Rosa Leto

Brief Biography

I am Australian by birth, my parents were migrants from the south of Italy.  I was brought up bi-lingually, starting school not speaking any English.  As a child I had to help my parents negotiate life and work, interpreting for them (and relatives) and being a young carer.  I came to higher education late, supporting myself as a young adult to gain university entrance and graduating with honours from The University of Sydney.

I moved to the UK with my husband and two small children in 1995. I then completed a PGCE in Secondary Education and taught in a multi-cultural school in Cardiff Bay, an area of severe deprivation. I then changed careers and trained for Presbyteral Ministry in The Methodist Church, starting at St Michaels College and Cardiff University and ending my ministerial studies at Durham University with a Master’s in Theological Research specialising in Psychology and Religion. I served as a District Officer in Business, Industry and Commerce and a chaplain to business and industry in the North East. I also had pastoral responsibility within churches which included  providing pastoral support to families and individuals in times of bereavement, social and economic hardship, parenting and family life. I was also a national trainer for workplace chaplaincy working ecumenically in the UK and chaired various local and national committees.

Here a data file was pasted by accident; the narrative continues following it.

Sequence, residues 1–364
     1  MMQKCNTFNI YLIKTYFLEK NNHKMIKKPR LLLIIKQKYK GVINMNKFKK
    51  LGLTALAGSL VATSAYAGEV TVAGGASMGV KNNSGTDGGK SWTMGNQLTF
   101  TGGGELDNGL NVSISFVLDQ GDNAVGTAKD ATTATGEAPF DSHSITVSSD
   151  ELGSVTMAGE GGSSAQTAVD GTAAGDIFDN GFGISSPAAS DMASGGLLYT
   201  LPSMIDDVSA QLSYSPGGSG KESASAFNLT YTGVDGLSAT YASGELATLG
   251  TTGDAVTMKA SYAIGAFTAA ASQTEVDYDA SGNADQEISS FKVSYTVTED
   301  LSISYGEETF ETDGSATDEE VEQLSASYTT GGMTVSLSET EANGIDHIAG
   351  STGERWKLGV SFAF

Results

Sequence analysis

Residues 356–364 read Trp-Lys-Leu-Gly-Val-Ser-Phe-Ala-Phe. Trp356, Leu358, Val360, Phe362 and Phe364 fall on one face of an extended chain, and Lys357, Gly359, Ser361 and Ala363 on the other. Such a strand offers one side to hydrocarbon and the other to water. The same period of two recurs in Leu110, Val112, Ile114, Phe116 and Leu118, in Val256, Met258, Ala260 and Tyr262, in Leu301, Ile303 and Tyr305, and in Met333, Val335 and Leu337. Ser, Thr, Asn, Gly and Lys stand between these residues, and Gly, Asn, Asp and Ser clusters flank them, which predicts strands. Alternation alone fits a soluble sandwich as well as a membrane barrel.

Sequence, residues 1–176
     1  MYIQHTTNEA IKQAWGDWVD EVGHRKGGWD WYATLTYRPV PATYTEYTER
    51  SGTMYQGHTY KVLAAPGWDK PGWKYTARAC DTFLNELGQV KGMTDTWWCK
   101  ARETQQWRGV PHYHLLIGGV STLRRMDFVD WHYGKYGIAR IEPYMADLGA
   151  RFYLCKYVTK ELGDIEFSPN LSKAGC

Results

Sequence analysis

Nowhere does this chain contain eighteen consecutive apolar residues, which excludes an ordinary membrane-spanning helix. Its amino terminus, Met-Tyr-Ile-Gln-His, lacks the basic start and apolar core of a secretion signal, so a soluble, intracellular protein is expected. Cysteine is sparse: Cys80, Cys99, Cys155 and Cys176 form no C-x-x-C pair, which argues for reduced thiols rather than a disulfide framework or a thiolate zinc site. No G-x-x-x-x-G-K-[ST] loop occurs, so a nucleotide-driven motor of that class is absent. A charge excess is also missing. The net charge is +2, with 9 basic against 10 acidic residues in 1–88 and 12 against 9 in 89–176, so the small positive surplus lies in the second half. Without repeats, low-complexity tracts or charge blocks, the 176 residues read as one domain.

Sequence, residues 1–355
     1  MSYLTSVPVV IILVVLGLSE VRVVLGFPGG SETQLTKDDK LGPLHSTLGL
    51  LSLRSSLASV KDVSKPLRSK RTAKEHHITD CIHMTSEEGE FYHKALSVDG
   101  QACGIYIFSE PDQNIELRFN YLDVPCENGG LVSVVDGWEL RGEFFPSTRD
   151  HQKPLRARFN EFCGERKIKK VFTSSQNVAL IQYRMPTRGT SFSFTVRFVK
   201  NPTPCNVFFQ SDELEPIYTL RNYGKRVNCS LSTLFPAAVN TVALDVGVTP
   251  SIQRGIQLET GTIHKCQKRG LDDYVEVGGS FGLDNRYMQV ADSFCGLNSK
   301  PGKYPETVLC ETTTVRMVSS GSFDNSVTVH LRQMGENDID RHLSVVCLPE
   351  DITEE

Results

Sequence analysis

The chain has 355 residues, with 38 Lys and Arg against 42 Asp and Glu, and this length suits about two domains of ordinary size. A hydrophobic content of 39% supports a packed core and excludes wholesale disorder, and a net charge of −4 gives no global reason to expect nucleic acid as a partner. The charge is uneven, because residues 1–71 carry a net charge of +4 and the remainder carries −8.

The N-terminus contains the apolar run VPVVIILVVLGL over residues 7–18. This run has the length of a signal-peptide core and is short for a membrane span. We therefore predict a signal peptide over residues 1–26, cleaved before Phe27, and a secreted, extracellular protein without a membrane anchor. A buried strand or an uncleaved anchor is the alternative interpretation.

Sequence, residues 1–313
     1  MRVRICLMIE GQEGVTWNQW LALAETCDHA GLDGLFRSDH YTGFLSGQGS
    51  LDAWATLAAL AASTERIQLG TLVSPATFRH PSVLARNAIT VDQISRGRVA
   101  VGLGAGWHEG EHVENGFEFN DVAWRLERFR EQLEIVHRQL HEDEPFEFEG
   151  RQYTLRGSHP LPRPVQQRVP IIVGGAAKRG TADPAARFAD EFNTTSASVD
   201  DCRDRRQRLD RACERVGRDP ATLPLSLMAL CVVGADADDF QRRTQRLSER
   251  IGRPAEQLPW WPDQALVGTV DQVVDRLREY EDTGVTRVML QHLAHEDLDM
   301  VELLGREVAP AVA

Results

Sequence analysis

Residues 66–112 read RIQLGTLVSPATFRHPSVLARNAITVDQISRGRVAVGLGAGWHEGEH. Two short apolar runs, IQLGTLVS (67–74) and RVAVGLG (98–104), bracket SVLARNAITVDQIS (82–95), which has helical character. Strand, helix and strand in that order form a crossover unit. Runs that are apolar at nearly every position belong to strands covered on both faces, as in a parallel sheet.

After resigning from The Methodist Church, I then worked as Director of Multi-Faith Chaplaincy Services, advising on Religious and EDI Issues, providing mediation and conflict resolution for a major FE College in South Yorkshire and providing pastoral support to students, as well as managing teams of chaplains in the steel industry and fire and rescue services. After working with this chaplaincy, a colleague and I began an independent company to provide advice to both private and public sector bodies on EDI and Religious Issues, providing mediation services and pastoral support to students and staff. 

I now work as a psychotherapeutic counsellor, having qualified for both children and adults, and as a psychotherapist qualified to work with children and young people having trained through Northern Guild.  It has been an amazing journey moving here, having lived in Australia, the USA and now the UK. But I am fortunate in having relatives, friends and colleagues both in the UK and around the world.

Where are you based?

In the North-East of England, mainly Durham and South Shields.

What are you doing now?

 I am self-employed as a Psychotherapist and currently hold a contract as Mental Health Practitioner with a primary school in South Shields and work independently as a consultant to public and private sector bodies on a range of organisational and mental health issues.  I am also studying for an MSc in Psychotherapy and Diploma in Clinical Supervision.

 What does your working week look like?